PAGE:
The National Health Surveillance System is assisting the Department to swiftly contain infectious disease outbreaks. This year we will finalise the Intergrated National Plan on Disease Surveillance with the aim of aligning to the quadruple burden of disease, to strengthen monitoring and to measure the impact of our interventions on a continuous systemating basis.

Chairperson, the billions of rands saved through a more efficient  drug procurement system has enable more patients to access medication. The National Essential Medicine List Committee periodically reviews the Treatment Guidelines and updates the Essential Drug List. A national monitoring system has been designed and implemented for the early detection of facility stock outs. With the inefficiencies, losses and expiry of medicines experienced through the Medical Depot System, we are encouraged that a number of provinces have begun a model of Direct Deliveries to Point Care in health facilities. The National Central Procurement Unit will be assisting provinces to move with greater speed.

In partnership with the World Health Organisation, the Tshwane University of Technology as well as the Japanese International Cooperation respectively training in Health Technology Audit and Maintainance has already benefitted more that 50 Clinical Engineering Technicians from six provinces. This program augments the capacity of facilities in various districts to be compliant to the Essential Equipment List approved by the NHC.

Chairperson, later this year in KZN we will officially open the National Forensic Chemistry Laboratory in Durban and had started functioning with the first 15 employees from 2 April 2013. This laboratory will be performing post-mortem and ante-mortem blood alcohol analysis for KwaZulu-Natal and some parts of the Eastern Cape – the borders of which will still be announced. It is envisioned that the first samples would be received for analysis in July 2013, and the procurement of analytical equipment is currently in the final stages.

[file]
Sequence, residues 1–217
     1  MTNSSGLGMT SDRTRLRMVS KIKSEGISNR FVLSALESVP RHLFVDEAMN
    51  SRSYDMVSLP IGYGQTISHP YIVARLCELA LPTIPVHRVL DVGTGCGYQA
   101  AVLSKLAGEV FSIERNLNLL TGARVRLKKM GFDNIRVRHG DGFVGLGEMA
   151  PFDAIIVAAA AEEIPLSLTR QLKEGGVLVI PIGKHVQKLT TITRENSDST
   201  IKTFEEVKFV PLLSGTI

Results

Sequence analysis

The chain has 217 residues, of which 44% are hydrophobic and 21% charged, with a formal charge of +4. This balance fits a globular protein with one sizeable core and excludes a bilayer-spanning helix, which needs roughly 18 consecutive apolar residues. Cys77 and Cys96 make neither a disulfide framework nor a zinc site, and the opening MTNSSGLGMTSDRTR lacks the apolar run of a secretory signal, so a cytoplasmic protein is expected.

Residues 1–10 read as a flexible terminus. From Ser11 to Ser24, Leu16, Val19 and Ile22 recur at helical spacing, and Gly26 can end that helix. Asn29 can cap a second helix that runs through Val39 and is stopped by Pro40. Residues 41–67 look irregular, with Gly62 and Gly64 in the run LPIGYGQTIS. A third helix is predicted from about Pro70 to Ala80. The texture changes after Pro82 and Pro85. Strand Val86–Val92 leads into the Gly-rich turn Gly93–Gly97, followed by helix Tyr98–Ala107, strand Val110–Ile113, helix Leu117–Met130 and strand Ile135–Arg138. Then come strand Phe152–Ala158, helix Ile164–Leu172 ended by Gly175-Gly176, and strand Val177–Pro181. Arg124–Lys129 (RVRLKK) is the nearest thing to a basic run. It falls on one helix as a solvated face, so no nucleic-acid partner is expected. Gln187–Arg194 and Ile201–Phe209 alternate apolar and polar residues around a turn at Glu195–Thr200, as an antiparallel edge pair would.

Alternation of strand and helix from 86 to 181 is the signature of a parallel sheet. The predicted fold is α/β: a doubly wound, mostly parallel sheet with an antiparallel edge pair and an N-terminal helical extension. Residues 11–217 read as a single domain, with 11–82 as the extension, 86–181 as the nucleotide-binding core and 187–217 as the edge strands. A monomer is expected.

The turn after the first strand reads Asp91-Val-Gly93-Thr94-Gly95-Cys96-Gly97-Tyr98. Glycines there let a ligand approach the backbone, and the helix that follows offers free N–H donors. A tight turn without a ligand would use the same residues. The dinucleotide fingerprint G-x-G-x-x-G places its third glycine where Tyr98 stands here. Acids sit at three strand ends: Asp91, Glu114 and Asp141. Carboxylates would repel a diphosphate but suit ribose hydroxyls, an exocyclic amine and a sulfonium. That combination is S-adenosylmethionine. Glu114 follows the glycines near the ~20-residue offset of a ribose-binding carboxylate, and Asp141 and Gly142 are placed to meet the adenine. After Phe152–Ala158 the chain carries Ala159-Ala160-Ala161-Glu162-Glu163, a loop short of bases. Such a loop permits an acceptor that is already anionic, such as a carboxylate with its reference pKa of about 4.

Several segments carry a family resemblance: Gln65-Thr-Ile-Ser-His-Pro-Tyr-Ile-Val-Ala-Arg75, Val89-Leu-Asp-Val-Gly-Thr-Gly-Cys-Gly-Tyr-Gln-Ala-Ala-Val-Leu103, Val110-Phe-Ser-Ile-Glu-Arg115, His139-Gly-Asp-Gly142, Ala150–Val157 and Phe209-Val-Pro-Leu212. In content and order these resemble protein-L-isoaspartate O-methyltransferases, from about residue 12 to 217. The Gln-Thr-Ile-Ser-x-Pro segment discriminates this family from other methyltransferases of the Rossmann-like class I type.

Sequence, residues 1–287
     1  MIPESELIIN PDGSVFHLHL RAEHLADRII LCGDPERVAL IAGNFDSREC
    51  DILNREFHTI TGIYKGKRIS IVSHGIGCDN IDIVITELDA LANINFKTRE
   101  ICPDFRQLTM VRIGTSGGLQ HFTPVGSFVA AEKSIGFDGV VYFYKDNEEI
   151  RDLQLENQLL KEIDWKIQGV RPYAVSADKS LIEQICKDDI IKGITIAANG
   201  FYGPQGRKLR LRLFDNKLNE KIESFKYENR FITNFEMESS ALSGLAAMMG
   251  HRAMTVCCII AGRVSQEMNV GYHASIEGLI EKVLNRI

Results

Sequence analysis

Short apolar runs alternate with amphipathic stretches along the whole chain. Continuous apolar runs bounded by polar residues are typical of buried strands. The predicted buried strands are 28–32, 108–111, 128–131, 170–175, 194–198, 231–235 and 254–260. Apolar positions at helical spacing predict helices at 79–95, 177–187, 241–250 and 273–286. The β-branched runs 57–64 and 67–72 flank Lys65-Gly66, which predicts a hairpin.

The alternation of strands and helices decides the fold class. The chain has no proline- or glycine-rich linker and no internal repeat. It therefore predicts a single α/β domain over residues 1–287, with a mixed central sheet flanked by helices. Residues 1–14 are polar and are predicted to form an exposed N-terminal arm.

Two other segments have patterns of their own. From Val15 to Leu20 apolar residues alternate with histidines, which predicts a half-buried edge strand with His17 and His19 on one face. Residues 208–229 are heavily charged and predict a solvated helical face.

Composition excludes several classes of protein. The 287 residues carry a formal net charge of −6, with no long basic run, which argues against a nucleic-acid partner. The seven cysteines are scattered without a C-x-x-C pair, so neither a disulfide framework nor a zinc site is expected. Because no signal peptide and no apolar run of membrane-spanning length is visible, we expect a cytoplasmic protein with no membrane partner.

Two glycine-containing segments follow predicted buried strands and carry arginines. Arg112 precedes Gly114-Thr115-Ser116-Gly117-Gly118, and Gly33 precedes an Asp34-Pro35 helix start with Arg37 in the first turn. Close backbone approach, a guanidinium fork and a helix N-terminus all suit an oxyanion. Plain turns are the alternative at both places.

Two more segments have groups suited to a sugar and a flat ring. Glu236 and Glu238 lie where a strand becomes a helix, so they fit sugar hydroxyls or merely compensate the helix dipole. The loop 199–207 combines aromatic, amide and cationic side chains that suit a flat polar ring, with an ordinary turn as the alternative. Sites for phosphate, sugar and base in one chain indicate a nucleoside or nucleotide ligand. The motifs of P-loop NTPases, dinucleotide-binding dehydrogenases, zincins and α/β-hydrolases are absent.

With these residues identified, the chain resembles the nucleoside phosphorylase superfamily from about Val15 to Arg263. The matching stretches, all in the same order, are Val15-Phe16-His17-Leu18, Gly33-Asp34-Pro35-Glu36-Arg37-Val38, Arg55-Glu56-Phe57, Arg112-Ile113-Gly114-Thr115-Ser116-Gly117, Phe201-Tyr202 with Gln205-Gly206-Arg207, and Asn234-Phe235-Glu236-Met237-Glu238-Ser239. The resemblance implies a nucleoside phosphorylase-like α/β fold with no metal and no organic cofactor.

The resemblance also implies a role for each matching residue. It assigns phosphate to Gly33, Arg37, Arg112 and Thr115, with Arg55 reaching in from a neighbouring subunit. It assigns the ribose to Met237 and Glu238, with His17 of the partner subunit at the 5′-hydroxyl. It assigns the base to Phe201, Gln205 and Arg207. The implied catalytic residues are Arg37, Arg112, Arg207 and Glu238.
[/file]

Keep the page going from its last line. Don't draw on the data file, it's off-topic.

This would enable us to decrease the current blood alcohol backlogs more effectively. The department made funding available for the building of a brand new Forensic Chemistry Laboratory in Phoenix, in the KZN province as well. This facility will be responsible for post-mortem and ante-mortem blood alcohol analysis, toxicology analysis in cases of unnatural death, as well as food analysis in terms of the Foodstuffs Act. Furthermore, 70 Forensic Interns have been enrolled for the Forensic Toxicology Certificate at Continuous Education at the University of Pretoria in April 2012. These interns successfully completed the course and have been absorbed within the four Forensic Chemistry Laboratories, namely 13 in Cape Town, 12 in Durban, 30 in Johannesburg and 15 in Pretoria. 

This significant increase in human resources will also contribute to the Directorate’s strategy of decreasing toxicology backlogs and to decrease the turn-around time of toxicology analysis in cases of unnatural death.

In this financial year the National policy on Emergency Medical Services Training and the Regulations governing the provision of Emergency Medical services will be published for comment and approved. With the Framework on the management of EMS data finalised training provided by Health Information System to provinces. The introduction of Obstertrics Ambulances will help to further halt the increase in maternal morbidity and mortality, Western Cape. The number of community members trained in first AID in partnership with Red Cross.

Chairperson and the house, please allow me to thank the Minister for his goal orientated leadership, Colleagues MECs for Health, the Director-General and staff throughout the health system, especially our management, professionals and support staff for placing the health of our people as their occupation. Working with our people and partners, focused on excellence, equity and effectiveness we are well poised to halt and reverse the cocktail of the four colliding epidemics.

I thank you all.